Welcome to the nbmagazine.co.uk stop on the blog tour for A Place to Lie by Rebecca Griffiths!
Here’s a little info about the book:
In Summer 1990, Caroline and Joanna are sent to stay with their great aunt, Dora, to spend their holidays in a sunlit village near the Forest of Dean. The countryside is a welcome change from the trauma they know back home in the city; a chance to make the world a joyful playground again. But in the shadowy woods at the edge of the forest hide secrets that will bring their innocence to a distressing end and make this a summer they will never forget.
Years later, a shocking act of violence sends Joanna back to Witchwood. In her great aunt’s lonely and dilapidating cottage, she will attempt to unearth the secrets of that terrifying summer and come to terms with the haunting effects it has left on her life. But in her quest to find answers, who can she trust? And will she be able to survive the impending danger from those trying to bury the truth?
And about author Rebecca Griffiths:
Rebecca Griffiths grew up in rural mid-Wales and went on to gain a first class honours degree in English Literature. After a successful business career in London, Dublin and Scotland, she returned to mid-Wales where she now lives with her husband, a prolific artist, their three vampiric cats as black as night, and pet sheep the size of sofas.
And here’s Paul Burke’s review of A Place to Lie:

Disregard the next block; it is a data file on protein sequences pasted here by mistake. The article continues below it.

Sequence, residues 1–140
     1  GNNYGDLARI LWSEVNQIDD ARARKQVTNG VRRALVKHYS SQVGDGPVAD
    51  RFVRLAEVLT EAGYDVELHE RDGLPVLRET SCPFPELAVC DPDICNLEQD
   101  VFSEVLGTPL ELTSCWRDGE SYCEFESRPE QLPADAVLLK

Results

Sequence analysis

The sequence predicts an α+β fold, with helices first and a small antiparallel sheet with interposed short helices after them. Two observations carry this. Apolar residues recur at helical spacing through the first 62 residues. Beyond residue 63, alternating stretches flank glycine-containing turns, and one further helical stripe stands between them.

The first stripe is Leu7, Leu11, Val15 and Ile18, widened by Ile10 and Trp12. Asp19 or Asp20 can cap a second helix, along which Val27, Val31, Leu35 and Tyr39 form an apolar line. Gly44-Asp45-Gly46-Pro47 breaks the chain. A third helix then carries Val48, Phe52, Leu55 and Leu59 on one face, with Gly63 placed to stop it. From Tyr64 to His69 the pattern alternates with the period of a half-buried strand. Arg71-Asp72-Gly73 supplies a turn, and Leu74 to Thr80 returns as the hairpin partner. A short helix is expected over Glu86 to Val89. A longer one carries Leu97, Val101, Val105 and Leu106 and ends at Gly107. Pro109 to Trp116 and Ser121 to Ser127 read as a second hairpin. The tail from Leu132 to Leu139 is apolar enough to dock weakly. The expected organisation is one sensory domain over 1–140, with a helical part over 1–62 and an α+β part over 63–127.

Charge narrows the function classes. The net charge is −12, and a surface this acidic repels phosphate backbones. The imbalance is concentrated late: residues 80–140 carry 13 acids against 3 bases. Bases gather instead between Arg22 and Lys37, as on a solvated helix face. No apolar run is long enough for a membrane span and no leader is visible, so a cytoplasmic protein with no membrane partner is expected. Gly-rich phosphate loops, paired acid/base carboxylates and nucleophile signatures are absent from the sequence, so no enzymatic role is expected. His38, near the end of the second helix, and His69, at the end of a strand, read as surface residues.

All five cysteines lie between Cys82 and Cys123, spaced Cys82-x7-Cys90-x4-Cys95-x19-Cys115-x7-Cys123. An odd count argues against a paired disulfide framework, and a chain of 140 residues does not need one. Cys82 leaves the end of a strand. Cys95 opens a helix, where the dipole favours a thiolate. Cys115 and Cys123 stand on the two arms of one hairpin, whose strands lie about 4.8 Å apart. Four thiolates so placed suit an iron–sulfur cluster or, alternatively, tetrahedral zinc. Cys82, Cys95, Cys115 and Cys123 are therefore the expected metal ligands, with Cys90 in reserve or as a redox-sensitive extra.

We soon discover that nothing is quite what it seems in A Place to Lie, events that happen in plain sight often have an opaque meaning, appearances are deceptive and people are never straightforward. Nothing is black and white in this slightly creepy tale, a classic story told with a contemporary flair. This novel is a snug fit for a readers’ group into psychological mysteries with an extra twist, there’s certainly plenty to talk about here. Equally, the novel is a perfect beach read for fans of the domestic noir sub-genre.
This is Rebecca Griffiths’ second novel, another stand alone, but readers of her debut, The Primrose Path, will recognise some of the same themes being explored here. In A Place to Lie everything that happens stems from a trip two sisters made to the Forest of Dean in 1990, nearly three decades ago. It should have been an idyllic summer for Caroline and Joanna, a wonderful rural getaway from their tense home life with their mother, who has ‘issues’. Given the glorious weather it was the perfect summer for a childhood holiday, a chance to make new friends, but there was something brewing before they arrived. The girls happiness is brief because a tragic event throws a pall over the whole community. Yet, the general perception of what happened isn’t the full story and wounds fester over the years. Eventually secrets will out but not before the tragedy impacts has terrible repercussions in the present. A Place to Lie is a slow burn, that’s because the complex story relies on understanding the psychology of the characters not just following the action. Overall, it’s a tense and atmospheric piece of storytelling.
Present day: A woman leaves her house, she’s nervous, upset, she’s thinks she’s in trouble, she carries a knife for protection (she knows he’s out there, the telephone calls, the heavy breathing, it’s psychological torture!). Is she paranoid? Delusional? The headaches won’t stop. Or, is he real? Has ‘he’ tracked her to Bayswater? She enters her local mini-mart and there he is, he crept up on her, she grabs the hilt of the knife in her bag.